Timothy Geithner, the current Treasury secretary, has tolerated the greenback’s 12 percent slide from its peak this year in March as measured by the Federal Reserve’s trade- weighted Real Major Currencies DollarIndex. While he said as recently as Oct. 3 that “it is very important to the United States that we continue to have a strong dollar,” the last time the U.S. intervened in markets to support its currency was 1995.
The weaker dollar may boost America’s exports as the economy recovers from the deepest recession since the 1930s. The risk is that it may also drive away America’s largest creditors just as the Treasury relies more than ever on foreign investors to buy the bonds financingBarack Obama’sstimulus spending. The dollar’sshareof global currency reserves fell in the second quarter to 62.8 percent, the lowest level in at least a decade, the International Monetary Fund in Washington said on Sept. 30.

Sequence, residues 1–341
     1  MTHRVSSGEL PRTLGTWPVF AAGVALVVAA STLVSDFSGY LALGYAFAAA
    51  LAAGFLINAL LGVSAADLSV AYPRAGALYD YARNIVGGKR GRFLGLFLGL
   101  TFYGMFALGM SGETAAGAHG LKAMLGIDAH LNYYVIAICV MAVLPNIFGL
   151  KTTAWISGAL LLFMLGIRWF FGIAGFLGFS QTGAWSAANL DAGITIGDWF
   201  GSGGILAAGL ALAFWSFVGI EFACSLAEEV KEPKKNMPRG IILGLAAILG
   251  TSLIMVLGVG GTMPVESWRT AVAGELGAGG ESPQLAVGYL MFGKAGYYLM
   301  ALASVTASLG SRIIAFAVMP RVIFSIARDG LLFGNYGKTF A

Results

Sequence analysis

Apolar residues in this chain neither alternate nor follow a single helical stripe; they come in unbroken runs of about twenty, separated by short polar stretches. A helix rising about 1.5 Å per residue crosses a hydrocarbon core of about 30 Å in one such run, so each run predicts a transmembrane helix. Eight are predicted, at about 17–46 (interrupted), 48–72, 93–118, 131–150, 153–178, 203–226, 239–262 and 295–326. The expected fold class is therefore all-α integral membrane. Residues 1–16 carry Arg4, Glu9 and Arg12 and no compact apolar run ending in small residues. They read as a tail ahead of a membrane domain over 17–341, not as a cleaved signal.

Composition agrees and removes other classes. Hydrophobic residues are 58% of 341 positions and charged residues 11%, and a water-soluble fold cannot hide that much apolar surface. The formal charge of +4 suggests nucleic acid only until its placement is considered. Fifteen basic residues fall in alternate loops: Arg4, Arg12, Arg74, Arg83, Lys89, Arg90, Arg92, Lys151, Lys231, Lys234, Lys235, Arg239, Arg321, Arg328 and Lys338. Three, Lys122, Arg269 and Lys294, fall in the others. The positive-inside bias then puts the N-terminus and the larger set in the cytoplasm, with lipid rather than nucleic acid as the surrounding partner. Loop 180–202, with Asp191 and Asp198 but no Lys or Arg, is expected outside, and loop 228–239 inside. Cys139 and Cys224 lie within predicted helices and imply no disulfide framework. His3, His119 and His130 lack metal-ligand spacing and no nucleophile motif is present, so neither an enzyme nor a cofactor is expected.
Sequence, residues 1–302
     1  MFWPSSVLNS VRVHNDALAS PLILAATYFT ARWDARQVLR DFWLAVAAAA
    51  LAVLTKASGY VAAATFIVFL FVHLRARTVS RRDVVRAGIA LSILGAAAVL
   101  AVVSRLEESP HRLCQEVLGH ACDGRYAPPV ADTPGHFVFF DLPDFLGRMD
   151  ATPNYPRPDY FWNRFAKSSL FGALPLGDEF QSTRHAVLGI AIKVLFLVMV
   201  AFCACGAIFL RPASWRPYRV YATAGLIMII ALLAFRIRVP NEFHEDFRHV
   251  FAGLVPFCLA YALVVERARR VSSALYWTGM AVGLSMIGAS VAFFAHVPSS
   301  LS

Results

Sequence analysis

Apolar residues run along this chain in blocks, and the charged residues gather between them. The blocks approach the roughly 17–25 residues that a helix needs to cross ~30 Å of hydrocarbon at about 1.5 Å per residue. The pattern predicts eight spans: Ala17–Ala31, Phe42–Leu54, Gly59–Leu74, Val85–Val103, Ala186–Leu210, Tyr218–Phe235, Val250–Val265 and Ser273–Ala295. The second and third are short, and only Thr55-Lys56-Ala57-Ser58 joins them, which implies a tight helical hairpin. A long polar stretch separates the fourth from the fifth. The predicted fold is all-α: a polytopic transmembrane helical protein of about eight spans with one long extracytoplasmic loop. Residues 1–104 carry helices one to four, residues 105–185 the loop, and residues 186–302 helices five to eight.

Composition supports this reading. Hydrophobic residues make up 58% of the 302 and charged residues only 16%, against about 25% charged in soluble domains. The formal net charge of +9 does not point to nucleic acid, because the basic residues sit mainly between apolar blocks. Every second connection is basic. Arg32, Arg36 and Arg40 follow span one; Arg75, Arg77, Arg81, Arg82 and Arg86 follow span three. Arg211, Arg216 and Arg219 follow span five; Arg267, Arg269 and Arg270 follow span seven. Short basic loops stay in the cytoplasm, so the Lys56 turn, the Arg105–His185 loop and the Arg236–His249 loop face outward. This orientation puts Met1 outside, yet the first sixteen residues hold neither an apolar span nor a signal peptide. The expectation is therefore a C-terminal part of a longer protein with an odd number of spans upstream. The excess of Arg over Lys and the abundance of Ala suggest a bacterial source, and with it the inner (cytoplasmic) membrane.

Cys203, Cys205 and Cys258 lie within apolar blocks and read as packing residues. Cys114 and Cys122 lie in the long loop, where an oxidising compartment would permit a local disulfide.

“It means that the U.S. approves of a constantly weakening dollar but doesn’t want a disruptive collapse,” said Malpass, the former chief economist at Bear Stearns Cos. and deputy assistant Treasury secretary from 1986 to 1989.
The dollar’s 15 percent decline against the euro and 11 percent depreciation versus the yen since early March are increasing concern among world leaders. At the same time, Americans are getting poorer.
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